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Networking Is Not Selling

networking is not sellingLast week I had a couple of people mention problems they’d had at networking events, and they were all around this issue.

Networking is not selling. Yes, you can make sales from networking, but that isn’t your focus at an event. You’re there to make contacts which can turn into future referrals or sales. But you’re not there to sell.

How did this come up? One of my networking contacts was talking about an event she no longer attends. Why? Because most of the people at the event were small business owners (mostly selling jewelry, handbags and clothing), and she said all they wanted from the event was to sell her their wares. She wasn’t there to buy stuff. She was there to network, make connections and to find and give referrals to others.

The other person called to tell me about a one to one meeting he’d had. When he set up the meeting, he thought he’d been clear that he wanted to learn about her business so he could refer her. When he got to the one to one meeting, it quickly became obvious that she thought he’d wanted to become her client. He was unable to redirect the meeting, and he left with the strong impression that she didn’t want to talk to him unless he wanted to work with her.

These are two reasons many people don’t want to network, which is a shame. Networking is a great activity that I think everyone should engage in, so I’m particularly disappointed when I hear stories like these.

What’s to be done about it? If you encounter it while networking, just move on. You’re unlikely to convince them they’re doing something wrong, so I don’t suggest even trying.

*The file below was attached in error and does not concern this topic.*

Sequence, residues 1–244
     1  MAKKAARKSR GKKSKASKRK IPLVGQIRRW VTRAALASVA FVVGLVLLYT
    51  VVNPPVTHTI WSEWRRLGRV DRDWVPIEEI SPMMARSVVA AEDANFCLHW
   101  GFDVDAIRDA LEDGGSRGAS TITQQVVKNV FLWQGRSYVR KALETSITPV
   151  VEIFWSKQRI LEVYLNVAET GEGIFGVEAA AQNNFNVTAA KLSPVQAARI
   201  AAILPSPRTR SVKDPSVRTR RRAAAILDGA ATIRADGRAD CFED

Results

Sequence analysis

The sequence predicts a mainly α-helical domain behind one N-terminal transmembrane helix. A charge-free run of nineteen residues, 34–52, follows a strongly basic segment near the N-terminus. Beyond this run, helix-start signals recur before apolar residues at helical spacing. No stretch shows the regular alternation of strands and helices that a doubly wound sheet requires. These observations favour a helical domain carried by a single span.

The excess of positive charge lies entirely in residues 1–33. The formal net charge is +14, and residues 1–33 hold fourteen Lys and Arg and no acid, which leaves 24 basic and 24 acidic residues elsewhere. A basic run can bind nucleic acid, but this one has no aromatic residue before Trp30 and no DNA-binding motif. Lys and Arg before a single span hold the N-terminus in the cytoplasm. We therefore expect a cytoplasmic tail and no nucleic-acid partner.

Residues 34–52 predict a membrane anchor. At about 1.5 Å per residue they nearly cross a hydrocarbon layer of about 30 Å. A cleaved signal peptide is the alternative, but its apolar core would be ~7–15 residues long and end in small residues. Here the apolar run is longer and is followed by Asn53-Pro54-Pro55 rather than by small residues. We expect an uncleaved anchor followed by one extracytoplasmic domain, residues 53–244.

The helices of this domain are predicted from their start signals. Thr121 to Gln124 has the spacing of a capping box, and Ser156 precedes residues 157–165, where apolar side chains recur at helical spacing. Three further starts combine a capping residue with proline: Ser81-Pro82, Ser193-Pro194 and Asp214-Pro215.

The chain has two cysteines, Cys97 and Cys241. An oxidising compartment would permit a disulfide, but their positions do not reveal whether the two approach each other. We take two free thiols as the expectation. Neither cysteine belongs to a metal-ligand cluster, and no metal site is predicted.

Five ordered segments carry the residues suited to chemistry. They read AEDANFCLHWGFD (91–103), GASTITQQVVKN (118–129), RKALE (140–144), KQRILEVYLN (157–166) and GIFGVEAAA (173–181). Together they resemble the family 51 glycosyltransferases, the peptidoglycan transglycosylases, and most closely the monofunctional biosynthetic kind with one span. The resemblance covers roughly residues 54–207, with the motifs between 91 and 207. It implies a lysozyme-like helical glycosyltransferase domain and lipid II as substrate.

If you catch yourself going into sales mode while networking, take a step back. Let people come to you to express interest in your products or services. If we want to explore buying from you, we will, but let us do it when we are ready. Remember the “Who do you know who?” philosophy. Who do you know who needs your products or services? If it’s me, I’ll say so. If I know someone I can refer you to, I’ll say so. But if I think my contacts are going to get a hard-sell, I won’t refer you.

What about one to one meetings that you think might be a sales call? Don’t think of them that way. Ask questions first. Discover needs. If you find that the person needs you, direct the conversation in that direction. To keep myself on track, when I schedule something that I think might be a meeting with a potential client, I note it in my calendar as a “Consultation.” That’s my reminder to ask questions and provide value from the meeting. Most of those meetings naturally turn into clients, but even if they don’t, I make certain to provide value so when they go talk about me, they say “Meet with Juli. She’s great.” Much better than “Stay away. She’s only going to try to sell you something.”

  • Michelle W

    Great points in this! I like going to networking events when I meet people who may partner with me on various projects, but I don’t go in looking to sell and am turned off when I meet people who just seem to want to sell to me.